While Rick left the tank, everyone took stock. Mostly, they marveled at the ability of one person to take “a piece of metal with two magnets” and net such a large investment. Rick also seemed happy with the deal, saying “When Lori looked right into my eyes and said ‘I’m going to make you a millionaire,’ I believed her!” Although he wanted to keep more than thirty-five percent of the company, it seemed like a win. Still, it’s striking how the smallest negotiating tactics in the tank can make a difference of millions. Looking primarily for a controlling interest in the company, Lori would have been very likely to accept a counter-offer of sixty, fifty-five, or even fifty-one percent equity in the company, but by trying to low-ball her offer, Rick locked himself out of further negotiations. It’s regrettable, but it’s been established that he’s not a salesman. At least, now he can spend his time doing what he loves, building and inventing.
After Shark Tank Update: ReadeREST In 2022
The deal with Lori was finalized shortly afterward. With her help, Rick was able to secure a manufacturer for the product; he no longer had to make them by hand in his garage.
A few weeks later, he was given an update segment, which was included in season three. In the follow-up, he revealed that they’ve sold more than $1.4 million dollars worth of products since their initial appearance. Not only that but Lori was able to get the product on QVC, where they sold $100,000 worth within the first five minutes. They believe sales will go over $6 million in 2012.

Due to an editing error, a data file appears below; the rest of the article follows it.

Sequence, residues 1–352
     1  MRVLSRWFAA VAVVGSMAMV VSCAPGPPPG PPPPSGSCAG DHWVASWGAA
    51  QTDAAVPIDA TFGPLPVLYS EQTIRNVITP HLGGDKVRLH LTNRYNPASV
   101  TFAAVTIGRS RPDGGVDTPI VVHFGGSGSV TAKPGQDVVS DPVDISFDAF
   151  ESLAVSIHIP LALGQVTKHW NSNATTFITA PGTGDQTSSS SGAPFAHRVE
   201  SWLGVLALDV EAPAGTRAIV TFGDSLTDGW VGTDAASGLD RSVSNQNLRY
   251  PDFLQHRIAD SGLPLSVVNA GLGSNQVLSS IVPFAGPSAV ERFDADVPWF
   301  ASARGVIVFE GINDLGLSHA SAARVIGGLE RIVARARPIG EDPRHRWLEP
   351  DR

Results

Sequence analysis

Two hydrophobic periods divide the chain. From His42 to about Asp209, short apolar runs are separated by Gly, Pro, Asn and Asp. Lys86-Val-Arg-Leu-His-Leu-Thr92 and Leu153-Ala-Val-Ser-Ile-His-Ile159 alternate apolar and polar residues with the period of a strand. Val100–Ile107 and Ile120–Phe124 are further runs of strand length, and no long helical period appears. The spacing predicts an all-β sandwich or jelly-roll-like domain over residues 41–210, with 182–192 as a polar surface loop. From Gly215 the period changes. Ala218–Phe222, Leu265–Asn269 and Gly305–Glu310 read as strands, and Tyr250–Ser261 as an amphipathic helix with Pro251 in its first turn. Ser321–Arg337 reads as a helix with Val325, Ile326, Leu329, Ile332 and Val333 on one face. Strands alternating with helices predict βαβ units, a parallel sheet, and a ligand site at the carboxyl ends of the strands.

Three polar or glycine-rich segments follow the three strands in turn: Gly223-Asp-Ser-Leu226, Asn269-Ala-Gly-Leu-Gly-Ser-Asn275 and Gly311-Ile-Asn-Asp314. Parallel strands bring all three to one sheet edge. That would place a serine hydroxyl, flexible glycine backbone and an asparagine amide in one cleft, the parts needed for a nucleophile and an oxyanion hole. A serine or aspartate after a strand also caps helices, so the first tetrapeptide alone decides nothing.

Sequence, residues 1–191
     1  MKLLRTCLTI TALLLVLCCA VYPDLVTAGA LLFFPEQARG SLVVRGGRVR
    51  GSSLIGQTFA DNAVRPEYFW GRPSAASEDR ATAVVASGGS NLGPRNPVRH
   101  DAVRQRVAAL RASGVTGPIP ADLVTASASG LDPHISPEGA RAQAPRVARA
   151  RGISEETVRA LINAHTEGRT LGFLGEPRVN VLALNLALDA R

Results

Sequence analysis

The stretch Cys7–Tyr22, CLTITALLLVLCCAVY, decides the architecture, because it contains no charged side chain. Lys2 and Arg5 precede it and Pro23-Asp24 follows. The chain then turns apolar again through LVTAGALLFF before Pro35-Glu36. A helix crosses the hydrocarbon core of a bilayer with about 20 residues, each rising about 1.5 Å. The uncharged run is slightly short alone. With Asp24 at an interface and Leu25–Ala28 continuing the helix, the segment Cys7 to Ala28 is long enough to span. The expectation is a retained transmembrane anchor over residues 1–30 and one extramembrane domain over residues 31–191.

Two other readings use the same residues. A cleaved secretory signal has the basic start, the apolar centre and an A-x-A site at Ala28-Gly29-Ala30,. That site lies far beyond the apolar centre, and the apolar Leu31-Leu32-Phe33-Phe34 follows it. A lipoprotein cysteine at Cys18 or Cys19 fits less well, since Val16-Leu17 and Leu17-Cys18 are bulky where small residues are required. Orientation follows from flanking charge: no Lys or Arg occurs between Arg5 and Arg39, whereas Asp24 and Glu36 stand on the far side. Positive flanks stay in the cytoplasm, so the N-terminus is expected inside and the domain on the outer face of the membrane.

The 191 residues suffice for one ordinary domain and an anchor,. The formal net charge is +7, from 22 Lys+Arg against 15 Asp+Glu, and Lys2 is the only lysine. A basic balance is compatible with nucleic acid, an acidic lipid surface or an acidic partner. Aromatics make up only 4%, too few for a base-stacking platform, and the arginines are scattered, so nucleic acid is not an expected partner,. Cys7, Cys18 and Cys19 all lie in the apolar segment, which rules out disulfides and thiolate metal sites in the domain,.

And they were right. By 2015, they had done over $13 million in sales. Not only that but they also began selling reading glasses.
As of 2022, Readerest is still going strong. If anything, sales have continued to go up over the past years. Nowadays, they offer more than 20 types of magnetic eyeglass holders. Some of their bestsellers include the Stainless Steel, Stainless Steel + Swarovski Crystal, Stainless Steel + Swarovski Pearls, Black + Swarovski Crystals, and White + Swarovski Crystals. Price-wise, they all go for $15.99. However, they do go on sale every now and then. In fact, they’re discounted to $11.99 at the time of this writing.
Aside from magnetic eyeglass holders, they also sell reading glasses, which are pretty affordable at $25 a pair. Not only do they come with spring-loaded hinges, which are both more comfortable and durable, but the lenses are also scratch resistant and coated with a layer of UV protection.
For those who are interested, you can check out their official website here. Currently, they’re offering free shipping on all US orders over $20. They also offer their products internationally. For more details, visit this page.
Or if you want, you can get their magnetic eyeglass holders and reading glasses on Amazon. If anything, they’re highly rated by customers, with thousands of positive reviews. Some people were understandably skeptical about the product at first but quickly realized how effective it was.
Many have also commented that it’s well-designed; the magnets are super strong and the backing is sturdy. It also won’t damage your clothes whatsoever. The only drawback is that some of the decorations (e.g. pearls, crystals) tend to fall off after a while. Some have also found that the paint chips easily.
Still, the general consensus on the ReadeRest is positive. As of September 2022, the company is making $5 million in revenue a year. Needless to say, they’re quite successful.